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Re: [greenyes] GHG from Nuclear power and hydropower

On 6 Mar 2003 at 15:31, Jeffrey Morris wrote:

> Thanks to Muna for pointing out my careless wording in that quick
> response on the Swedish study that purports to show it's better to
> burn than recycle. 

Dear Jeff...
You were not careless - not at all....

I should have said that the EPA models assume zero
> greenhouse gas (GHG) emissions for hydropower and very low figures of
> .0166 pounds non-biomass CO2 and .0000367 pounds methane per kwh
> electricity for nuclear on the national grid; and .00943 pounds
> non-biomass CO2 and .000028 pounds methane for nuclear on the Western
> Systems Coordinating Council (WSCC)grid (includes Washington state). 

(and for some, this is too much *grin*)

> (The differences between national grid and WSCC grid are likely due in
> part to greater shipping distances for uranium for reactors in the
> east versus the west.  At least that's my guess.)

would this also apply to transport of fuel and other waste?
> Muna wisely notes that the more inclusive the processes, types of
> pollutants and types of ecological and human health impacts included
> in a life cycle analysis the greater the advantage that likely will be
> shown for waste reduction and recycling versus disposal.

It seems that a key to changing mindsets is to include financial motivation (although I 
am of the belief that people and all other life have a right to exist, and nto to have tio 
justify themselves in narrow, financial terms...) - with this in mind, we have been 
using that approach in campaigns and struggles here in SA; and (surprise, surprise) 
all cases that I have seen, show that the sustainable alternative is actually "cheaper"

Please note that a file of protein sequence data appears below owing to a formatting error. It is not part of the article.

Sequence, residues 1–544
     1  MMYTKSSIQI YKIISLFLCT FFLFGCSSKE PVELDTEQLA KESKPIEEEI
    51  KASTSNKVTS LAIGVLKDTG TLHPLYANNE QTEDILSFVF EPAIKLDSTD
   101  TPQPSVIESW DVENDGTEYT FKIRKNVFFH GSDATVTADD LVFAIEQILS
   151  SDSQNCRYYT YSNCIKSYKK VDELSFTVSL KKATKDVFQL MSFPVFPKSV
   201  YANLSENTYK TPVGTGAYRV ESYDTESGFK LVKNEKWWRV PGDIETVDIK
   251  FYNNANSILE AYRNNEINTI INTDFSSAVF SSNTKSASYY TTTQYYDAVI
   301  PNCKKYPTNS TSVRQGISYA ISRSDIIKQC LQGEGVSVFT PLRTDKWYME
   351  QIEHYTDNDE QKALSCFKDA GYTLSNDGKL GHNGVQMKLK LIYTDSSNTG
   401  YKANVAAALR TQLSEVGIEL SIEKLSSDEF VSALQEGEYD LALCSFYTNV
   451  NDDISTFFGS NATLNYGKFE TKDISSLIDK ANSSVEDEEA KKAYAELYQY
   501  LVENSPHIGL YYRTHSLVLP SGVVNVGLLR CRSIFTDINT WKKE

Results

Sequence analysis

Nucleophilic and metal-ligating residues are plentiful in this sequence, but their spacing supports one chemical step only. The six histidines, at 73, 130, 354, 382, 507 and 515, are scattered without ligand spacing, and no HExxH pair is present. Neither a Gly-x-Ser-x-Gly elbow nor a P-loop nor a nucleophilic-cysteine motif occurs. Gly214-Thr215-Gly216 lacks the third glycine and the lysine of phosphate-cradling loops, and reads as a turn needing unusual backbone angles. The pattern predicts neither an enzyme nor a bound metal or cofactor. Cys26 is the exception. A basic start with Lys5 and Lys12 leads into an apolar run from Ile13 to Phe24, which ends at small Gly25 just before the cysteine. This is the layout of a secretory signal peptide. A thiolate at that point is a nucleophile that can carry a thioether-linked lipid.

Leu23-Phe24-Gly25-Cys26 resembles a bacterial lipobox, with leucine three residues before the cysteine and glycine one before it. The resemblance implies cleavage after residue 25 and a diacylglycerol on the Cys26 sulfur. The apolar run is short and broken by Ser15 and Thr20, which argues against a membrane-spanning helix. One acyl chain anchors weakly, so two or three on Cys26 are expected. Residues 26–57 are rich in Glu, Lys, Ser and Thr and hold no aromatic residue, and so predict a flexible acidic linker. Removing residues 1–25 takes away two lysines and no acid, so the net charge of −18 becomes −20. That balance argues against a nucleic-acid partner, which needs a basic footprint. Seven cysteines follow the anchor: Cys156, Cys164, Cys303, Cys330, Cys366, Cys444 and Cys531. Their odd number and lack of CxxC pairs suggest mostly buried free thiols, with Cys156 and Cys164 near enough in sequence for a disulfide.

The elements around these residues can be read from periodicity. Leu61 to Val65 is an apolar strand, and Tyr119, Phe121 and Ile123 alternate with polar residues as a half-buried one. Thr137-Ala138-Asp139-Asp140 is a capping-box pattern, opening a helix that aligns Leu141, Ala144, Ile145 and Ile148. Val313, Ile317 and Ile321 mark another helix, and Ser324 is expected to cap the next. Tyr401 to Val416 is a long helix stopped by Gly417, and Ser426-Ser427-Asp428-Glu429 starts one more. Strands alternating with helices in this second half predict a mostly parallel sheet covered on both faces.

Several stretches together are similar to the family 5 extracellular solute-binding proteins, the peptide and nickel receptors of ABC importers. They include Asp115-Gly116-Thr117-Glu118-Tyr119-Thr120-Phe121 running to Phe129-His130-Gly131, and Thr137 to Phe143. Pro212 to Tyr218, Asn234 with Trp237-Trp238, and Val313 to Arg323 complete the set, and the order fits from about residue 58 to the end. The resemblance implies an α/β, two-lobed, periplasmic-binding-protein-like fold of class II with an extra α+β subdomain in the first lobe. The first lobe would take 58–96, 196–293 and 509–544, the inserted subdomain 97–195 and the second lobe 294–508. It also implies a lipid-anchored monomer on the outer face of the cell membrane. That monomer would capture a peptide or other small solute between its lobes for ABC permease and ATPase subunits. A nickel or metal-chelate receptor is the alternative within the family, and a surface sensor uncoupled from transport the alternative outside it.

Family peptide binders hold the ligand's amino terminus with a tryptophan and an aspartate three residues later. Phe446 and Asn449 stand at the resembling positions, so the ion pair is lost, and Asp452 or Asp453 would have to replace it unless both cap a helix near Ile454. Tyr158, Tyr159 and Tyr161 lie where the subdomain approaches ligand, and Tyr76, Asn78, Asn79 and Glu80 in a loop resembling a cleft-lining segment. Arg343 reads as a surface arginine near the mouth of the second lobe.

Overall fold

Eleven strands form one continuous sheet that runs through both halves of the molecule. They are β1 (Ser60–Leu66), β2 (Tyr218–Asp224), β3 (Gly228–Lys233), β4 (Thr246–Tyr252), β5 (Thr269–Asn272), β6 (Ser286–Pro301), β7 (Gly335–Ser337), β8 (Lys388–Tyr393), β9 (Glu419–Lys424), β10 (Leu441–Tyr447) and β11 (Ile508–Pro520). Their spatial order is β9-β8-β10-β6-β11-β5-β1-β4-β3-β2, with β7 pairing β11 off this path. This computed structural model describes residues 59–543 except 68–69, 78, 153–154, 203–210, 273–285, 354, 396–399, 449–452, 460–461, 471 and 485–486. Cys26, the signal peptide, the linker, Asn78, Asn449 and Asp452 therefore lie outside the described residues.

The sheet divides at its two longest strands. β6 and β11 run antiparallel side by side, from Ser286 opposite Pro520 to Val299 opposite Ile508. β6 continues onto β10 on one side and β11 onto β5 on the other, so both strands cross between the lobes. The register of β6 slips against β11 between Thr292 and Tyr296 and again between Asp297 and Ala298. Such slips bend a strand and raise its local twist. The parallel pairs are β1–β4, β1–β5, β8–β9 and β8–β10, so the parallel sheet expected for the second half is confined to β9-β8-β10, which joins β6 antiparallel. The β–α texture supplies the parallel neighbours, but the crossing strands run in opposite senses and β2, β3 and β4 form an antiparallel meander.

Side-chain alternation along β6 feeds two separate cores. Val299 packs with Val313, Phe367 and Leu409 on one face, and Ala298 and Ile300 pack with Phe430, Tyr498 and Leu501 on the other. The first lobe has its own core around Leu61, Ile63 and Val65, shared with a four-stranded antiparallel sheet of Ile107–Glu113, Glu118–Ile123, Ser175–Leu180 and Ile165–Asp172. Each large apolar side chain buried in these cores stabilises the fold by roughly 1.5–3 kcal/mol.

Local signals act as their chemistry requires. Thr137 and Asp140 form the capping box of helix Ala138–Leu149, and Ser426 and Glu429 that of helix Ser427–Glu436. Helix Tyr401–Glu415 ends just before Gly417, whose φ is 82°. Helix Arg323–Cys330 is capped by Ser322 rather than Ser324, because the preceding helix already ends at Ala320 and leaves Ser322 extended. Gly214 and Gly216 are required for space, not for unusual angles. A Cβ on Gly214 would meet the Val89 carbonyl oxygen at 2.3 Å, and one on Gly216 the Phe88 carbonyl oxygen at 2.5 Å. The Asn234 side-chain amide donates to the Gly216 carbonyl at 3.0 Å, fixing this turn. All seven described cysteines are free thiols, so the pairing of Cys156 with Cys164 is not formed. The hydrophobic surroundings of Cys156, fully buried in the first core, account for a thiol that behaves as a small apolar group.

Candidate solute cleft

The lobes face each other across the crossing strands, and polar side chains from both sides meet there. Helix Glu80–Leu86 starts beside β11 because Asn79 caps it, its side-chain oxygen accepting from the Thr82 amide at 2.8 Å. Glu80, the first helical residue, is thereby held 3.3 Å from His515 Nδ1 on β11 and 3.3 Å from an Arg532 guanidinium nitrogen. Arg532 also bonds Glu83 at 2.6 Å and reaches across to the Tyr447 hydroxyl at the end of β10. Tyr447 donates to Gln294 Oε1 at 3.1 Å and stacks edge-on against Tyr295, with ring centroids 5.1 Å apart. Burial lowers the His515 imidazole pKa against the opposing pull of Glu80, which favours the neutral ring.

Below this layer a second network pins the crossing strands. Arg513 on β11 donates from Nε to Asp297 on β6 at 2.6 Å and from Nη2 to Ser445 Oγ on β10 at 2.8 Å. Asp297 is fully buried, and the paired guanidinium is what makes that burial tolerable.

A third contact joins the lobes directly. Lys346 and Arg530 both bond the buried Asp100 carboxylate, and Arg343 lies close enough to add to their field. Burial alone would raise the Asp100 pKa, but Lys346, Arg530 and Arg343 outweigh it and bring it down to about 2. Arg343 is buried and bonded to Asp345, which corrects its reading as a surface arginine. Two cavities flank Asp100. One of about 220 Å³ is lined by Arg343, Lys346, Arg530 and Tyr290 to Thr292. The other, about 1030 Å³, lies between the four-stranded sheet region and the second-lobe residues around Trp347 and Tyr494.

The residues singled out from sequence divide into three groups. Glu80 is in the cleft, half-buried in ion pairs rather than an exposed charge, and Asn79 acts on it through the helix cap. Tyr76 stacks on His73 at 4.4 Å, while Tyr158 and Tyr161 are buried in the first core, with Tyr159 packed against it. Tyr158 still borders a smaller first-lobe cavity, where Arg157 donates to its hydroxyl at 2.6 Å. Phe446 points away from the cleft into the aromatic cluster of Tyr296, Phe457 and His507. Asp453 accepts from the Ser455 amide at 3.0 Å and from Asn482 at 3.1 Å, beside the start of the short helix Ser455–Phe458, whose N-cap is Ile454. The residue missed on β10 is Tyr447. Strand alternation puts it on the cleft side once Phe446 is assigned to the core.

> John Reindl also notes the assumptions in a previous study that might
> also be in the new Swedish study: i.e., some sort of fairly outrageous
> assumptions about time and materials used by a household sorting
> recyclables and organics from garbage (to which I would counter why
> not look at it in reverse as the time spent sorting garbage from the
> good stuff?)  and then delivering them to drop off sites in dedicated
> trips of a car, SUV or pickup truck.  Another good example of not
> being able to judge what the results of a study really mean until we
> actually know the assumptions, data, and modeling structures used in
> the study.

perfectly true - and to those who make these assumptions - don't! The bias is 
obvious, yes? What about those of us who do not live in over-developed countries? 
there are people willing to collect recyclables at your door.... and that is almost always 
done using trolleys, so zero emissions, door to door service, and efficient removal of 
material - wonder how that compares with the presumed Swedish model...

for some reason, this discussion brings to mind the issue of how we calculate, and 
use, GDP as an economic indicator..... equally bizarre!

kind regards

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